RALEIGH — County election boards in North Carolina shifted from blue to red this summer but little partisan change will come to the election process, says the new chairman for the State Board of Elections.
The guidance of nonpartisan, full-time staff very much tempers the drama of any change, said Josh Howard, the state chairman, in an interview during a two-day training conference for board members this week in Cary. It may disappoint a lot of folks that theres still a steady hand on the rudder.
Republicans now get two seats on each county board, as opposed to the Democrats one because the state elected Pat McCrory its first Republican governor in 20 years. Board members are supposed to assure voting takes place in compliance with the law. Decision-making should not be rooted in party politics, Howard reminded the board members in attendance.
But voting rights advocates say that some new GOP board members are bringing politics into play by making it harder for college students in some counties to vote.
The Watauga County elections board voted last week to move early voting sites and polling places off of the Appalachian State University campus. The move also combined three voting precincts into one for 9,000-voters.
In Forsyth County, board chairman Ken Raymond last week said he would move to shut down the voting site at Winston-Salem State .
And the Pasquotank County board voted to bar an Elizabeth City State University senior from running for City Council, ruling that an on-campus address couldnt be used to establish local residency. Meanwhile, the chairman of that countys Republican Party said he plans to challenge the voter registrations of more students.
Republican politics are driving the Watauga changes, said Kathleen Campbell, the lone Democrat on the Watauga board. The Republicans have come in and just rolled over anybody who objects to what theyre doing, she said.
Dylan Russell, the ASU student body president, said in a statement the boards decision will make it much more difficult for students to vote.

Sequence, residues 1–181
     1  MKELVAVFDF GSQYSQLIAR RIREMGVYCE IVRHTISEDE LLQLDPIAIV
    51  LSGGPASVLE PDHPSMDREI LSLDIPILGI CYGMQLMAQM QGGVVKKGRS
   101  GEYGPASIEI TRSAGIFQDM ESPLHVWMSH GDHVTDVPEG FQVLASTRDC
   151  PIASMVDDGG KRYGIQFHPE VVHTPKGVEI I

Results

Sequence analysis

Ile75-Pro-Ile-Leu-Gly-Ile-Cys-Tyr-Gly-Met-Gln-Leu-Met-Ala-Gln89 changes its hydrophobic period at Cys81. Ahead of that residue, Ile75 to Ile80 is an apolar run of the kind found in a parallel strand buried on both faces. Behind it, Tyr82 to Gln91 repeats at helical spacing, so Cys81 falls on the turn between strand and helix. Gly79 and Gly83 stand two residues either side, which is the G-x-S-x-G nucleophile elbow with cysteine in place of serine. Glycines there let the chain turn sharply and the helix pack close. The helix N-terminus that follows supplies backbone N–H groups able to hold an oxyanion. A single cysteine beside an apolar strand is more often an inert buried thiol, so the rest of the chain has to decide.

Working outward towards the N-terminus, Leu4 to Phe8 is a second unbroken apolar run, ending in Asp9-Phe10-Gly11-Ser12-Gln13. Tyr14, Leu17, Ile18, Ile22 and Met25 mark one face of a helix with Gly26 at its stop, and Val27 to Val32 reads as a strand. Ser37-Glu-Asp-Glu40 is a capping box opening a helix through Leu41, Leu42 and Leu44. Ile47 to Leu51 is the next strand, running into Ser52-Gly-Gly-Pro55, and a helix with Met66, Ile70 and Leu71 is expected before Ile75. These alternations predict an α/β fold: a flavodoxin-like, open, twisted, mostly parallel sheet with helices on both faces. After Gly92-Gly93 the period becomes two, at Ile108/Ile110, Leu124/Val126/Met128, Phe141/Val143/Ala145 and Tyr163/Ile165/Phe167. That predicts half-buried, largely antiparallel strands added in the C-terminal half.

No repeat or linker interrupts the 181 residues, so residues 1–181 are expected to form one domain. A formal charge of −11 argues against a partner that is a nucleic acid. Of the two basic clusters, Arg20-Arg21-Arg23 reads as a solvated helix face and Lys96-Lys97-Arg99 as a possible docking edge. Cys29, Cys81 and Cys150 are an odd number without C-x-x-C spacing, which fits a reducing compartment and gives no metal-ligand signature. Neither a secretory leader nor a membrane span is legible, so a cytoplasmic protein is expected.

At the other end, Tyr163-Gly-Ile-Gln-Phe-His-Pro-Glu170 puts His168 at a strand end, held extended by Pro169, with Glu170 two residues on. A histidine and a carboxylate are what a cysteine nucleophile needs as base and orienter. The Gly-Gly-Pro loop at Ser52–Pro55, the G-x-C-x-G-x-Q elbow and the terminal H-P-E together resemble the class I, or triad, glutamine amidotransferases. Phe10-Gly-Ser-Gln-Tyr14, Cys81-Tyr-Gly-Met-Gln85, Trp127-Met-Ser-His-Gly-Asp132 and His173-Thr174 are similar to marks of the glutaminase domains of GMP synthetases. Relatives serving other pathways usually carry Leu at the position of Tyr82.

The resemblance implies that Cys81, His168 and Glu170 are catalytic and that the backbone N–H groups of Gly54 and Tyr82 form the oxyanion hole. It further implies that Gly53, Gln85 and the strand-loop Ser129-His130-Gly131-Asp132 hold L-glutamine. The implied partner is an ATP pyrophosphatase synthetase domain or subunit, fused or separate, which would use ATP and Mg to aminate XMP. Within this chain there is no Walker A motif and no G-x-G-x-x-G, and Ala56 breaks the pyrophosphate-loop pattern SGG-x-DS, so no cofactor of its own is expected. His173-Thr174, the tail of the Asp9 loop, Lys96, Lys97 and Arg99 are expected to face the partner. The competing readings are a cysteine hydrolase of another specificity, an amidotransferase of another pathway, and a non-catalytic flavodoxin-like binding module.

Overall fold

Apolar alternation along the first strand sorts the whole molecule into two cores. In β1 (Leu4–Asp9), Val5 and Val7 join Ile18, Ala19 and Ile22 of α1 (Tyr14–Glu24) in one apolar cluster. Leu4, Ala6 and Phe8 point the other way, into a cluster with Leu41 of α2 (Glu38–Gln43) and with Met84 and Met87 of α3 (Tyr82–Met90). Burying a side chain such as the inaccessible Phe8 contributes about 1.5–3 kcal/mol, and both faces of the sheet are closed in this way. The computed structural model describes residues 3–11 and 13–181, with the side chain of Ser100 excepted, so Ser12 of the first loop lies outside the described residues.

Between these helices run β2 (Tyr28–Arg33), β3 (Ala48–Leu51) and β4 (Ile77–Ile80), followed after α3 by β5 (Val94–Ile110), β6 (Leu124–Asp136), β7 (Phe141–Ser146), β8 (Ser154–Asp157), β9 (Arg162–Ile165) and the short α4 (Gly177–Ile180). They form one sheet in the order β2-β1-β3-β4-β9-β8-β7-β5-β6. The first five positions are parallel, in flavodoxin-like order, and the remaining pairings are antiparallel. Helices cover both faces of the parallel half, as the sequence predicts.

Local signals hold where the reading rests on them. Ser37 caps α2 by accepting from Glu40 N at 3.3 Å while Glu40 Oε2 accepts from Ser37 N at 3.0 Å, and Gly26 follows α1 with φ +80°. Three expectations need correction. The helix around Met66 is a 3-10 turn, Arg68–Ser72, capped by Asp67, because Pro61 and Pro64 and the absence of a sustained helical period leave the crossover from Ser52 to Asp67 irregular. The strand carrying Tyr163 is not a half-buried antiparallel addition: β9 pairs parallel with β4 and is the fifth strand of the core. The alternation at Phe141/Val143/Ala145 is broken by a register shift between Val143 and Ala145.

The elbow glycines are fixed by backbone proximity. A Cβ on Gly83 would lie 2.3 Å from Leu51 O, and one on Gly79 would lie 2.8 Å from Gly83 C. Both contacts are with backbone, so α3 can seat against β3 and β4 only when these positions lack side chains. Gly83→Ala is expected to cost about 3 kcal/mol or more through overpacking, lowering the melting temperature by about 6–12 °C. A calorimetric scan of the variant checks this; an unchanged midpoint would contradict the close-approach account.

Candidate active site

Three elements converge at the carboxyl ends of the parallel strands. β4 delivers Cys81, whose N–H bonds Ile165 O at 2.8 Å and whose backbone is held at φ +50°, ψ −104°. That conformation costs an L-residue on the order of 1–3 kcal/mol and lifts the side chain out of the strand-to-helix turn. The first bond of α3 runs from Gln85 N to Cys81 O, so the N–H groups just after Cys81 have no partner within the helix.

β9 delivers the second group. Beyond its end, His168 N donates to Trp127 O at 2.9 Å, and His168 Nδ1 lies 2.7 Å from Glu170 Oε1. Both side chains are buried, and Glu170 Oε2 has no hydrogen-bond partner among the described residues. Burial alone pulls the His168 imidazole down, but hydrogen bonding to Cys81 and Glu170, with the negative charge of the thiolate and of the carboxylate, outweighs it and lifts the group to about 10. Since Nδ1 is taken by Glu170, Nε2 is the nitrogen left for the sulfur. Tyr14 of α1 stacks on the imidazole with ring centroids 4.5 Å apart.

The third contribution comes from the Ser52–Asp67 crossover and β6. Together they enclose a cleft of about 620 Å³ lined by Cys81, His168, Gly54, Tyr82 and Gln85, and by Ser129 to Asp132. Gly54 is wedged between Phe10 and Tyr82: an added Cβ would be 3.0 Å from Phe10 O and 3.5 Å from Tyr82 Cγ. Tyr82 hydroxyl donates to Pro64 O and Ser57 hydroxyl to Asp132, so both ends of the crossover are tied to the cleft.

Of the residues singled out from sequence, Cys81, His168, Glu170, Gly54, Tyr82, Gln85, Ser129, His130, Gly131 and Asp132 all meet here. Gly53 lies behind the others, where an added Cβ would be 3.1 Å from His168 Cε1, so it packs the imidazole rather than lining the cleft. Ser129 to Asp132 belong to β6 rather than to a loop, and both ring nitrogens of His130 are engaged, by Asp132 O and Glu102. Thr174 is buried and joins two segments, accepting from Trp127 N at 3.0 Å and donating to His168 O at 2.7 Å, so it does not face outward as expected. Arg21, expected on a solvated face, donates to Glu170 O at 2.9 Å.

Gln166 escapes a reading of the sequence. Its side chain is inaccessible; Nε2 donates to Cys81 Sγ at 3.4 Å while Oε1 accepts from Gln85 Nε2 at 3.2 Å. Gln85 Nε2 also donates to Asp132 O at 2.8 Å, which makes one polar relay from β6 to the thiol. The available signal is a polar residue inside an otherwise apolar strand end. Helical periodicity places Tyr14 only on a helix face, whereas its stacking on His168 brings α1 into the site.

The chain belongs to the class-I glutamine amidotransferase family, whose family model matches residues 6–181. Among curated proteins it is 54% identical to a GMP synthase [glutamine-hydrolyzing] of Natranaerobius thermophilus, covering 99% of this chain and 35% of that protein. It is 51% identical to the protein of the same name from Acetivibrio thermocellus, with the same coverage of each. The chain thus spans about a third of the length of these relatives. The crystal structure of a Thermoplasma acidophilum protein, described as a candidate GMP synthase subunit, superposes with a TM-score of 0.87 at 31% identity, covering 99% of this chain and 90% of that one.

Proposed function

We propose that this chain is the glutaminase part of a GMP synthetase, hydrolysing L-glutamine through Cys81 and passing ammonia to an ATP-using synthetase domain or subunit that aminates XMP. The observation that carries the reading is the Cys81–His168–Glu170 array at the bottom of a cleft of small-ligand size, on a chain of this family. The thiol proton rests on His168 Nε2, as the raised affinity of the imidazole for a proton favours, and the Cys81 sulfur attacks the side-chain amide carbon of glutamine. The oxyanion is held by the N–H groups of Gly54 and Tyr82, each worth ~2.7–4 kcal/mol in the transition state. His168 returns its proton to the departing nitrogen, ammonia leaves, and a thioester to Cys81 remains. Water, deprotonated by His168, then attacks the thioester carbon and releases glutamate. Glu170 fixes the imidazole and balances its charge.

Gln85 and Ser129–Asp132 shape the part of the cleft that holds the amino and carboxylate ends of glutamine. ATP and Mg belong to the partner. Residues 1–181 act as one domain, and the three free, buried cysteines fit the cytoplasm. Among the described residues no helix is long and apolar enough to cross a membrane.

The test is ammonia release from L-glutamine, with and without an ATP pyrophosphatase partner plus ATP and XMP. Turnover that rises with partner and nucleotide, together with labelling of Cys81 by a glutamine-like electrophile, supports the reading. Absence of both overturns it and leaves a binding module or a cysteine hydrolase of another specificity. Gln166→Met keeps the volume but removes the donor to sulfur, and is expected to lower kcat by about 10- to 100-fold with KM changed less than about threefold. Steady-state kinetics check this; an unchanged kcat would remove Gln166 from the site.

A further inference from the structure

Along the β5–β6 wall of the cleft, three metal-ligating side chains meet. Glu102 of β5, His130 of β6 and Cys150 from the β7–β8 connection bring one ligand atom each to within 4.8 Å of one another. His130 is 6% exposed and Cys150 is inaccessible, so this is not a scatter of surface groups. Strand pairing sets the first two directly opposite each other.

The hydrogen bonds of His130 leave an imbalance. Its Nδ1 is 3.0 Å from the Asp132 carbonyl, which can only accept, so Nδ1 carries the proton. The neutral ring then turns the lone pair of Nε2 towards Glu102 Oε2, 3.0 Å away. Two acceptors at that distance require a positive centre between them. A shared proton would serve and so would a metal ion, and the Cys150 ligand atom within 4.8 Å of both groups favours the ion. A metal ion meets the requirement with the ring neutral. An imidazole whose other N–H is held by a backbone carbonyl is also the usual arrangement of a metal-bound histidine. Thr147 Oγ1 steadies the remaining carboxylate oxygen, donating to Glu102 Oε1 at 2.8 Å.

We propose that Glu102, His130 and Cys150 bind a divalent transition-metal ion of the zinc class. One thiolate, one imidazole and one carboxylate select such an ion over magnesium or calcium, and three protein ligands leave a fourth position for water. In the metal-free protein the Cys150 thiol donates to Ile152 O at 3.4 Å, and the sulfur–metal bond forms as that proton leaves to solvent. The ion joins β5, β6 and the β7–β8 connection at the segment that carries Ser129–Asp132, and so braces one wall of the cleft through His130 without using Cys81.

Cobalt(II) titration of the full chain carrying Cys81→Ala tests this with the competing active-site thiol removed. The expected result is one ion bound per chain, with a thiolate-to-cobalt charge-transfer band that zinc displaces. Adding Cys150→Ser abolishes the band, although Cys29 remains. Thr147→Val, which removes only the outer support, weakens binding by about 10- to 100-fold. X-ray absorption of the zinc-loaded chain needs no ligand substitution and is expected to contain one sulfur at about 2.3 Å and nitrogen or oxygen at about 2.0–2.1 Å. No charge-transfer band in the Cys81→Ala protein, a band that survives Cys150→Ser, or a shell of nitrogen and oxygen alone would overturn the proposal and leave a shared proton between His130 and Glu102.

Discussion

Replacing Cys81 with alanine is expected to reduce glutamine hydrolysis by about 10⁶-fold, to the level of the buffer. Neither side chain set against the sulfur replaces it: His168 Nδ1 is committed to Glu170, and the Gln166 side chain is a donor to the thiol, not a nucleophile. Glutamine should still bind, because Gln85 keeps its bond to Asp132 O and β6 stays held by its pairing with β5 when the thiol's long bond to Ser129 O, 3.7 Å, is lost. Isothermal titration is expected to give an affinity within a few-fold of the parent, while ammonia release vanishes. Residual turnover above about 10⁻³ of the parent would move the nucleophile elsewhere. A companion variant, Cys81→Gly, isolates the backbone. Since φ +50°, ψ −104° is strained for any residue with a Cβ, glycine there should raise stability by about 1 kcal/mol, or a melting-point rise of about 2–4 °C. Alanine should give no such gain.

The new Republican board chairman, Luke Eggers, did not respond to a request for comment. He told the Winston-Salem Journal that consolidating the three voting precincts will ease confusion about which location is the right one to use.
This year, about half of the county board seats changed hands. Newcomers may not be aware of all the rules yet, said Aida Doss Havel, a former Wake County Board of Elections chair who spoke at the conference.
Havel declined to comment on the early voting site challenges. She said that instead of dwelling on the past, state and county boards should focus on teaching the new members their duties and obligations.
Voting bill a challenge
During the conference, board members learned about the limits on their allowed political involvement and the open meetings law, which calls for counties to keep accurate minutes of all meetings. But the State Board of Elections spent most the conference teaching attendees how to apply the recently signed election law in their locales, said Tracy Reams, the Orange County Board of Elections director.
The election law requires using state-issued IDs to vote, but does not allow students to use college IDs. It also cuts a week of early voting days but requires counties provide the same number of early voting hours as in 2010.
Itll be challenging to make the changes, Reams said.
Were going to make it work. Somehow well make it work.
An odd process
State political party chairs nominate County Board of Elections members every two years. Each party nominates three people per county. Then, the State Board of Elections appoints three per county 300 people in total always two from the governors party and one from the other.
Ive always said the whole process is kind of odd, said Michael Perry, the Durham County Board of Elections director. Theyre recommended by the party, but once they get on the board theyre not supposed to be a party person.
But that isnt necessarily negative, he said, as long as members enter their roles without party-based motivations. Some counties boards look for unanimous approval on all votes to assure one party isnt making all the decisions. So far, all Wake Countys votes have been unanimous, said chairman David Robinson.
When county boards of elections become partisan, they destroy the public confidence in the elections, Havel said. And that is why it is critically and vitally important that the boards of election be run in an open, transparent and nonpartisan manner.